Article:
Developers and third party government offices also faced heavy criticism for seemingly sacrificing Joe Slovo residents for a project labeled a beautification scheme to prepare for Africa’s first football World Cup.
‘The N2 Gateway evictions are most associated with the 2010 World Cup,’ said Mzwanele Zulu, who lives in Joe Slovo and is head of the group Joe Slovo Liberative Residents.
‘That development mandate was about beautifying and making sure people can’t see South Africa as it is.’
Zulu points to the Joe Slovo location, visible along the Cape Town airport corridor where thousands of international football fans have traveled en route to fill the 64,100 capacity Cape Town Stadium.
An estimated 20,000 shack dwellers in Joe Slovo have so far been evicted, Lambda said.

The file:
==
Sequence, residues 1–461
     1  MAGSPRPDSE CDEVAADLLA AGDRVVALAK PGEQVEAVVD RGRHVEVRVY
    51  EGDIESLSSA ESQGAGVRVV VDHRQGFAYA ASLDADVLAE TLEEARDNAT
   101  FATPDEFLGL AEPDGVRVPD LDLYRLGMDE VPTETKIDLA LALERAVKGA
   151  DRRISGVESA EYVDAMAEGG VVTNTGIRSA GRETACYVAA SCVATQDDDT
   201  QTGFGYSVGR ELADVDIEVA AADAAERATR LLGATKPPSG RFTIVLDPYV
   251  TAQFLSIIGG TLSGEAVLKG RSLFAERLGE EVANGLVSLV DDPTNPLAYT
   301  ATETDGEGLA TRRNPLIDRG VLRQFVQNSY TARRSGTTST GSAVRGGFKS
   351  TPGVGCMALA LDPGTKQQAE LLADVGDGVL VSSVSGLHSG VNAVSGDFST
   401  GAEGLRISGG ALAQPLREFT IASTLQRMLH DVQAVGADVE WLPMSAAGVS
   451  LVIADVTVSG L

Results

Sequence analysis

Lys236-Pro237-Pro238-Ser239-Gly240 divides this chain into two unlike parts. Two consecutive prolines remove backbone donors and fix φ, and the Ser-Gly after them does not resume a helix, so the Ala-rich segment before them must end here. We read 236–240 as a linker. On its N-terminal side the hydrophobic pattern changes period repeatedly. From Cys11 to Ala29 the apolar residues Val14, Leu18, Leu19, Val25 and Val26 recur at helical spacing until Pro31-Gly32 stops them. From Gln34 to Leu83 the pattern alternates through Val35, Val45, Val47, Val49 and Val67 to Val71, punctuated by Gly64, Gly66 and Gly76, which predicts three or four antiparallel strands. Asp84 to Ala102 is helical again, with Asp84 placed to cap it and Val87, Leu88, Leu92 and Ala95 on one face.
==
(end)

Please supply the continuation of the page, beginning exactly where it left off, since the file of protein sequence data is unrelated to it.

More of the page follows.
One ‘temporary relocation area’ (TRA) in Delft is the neighbourhood Blikkiesdorp, nicknamed Tin Can Town. People liken living conditions here to a concentration camp.
‘Residents say it’s worse than apartheid townships,’ Lambda said. ‘If the South African government wanted to hide these people, is that the way to do it?’
South Africa’s TRAs also turned out a euphemism for eviction. The COHRE report documents how families began to defy orders to leave Joe Slovo when the housing units in phases one and two of N2 Gateway started filling up with a different class of residents. Luxury cars appeared in front of the new homes as they began to fill up. The 70 percent allocation of N2 Gateway promised to now-TRA residents remains unfulfilled.
1   ...   5   6   7   8   9   10   11   12   13

The database is protected by copyright © 2016
send message

    Main page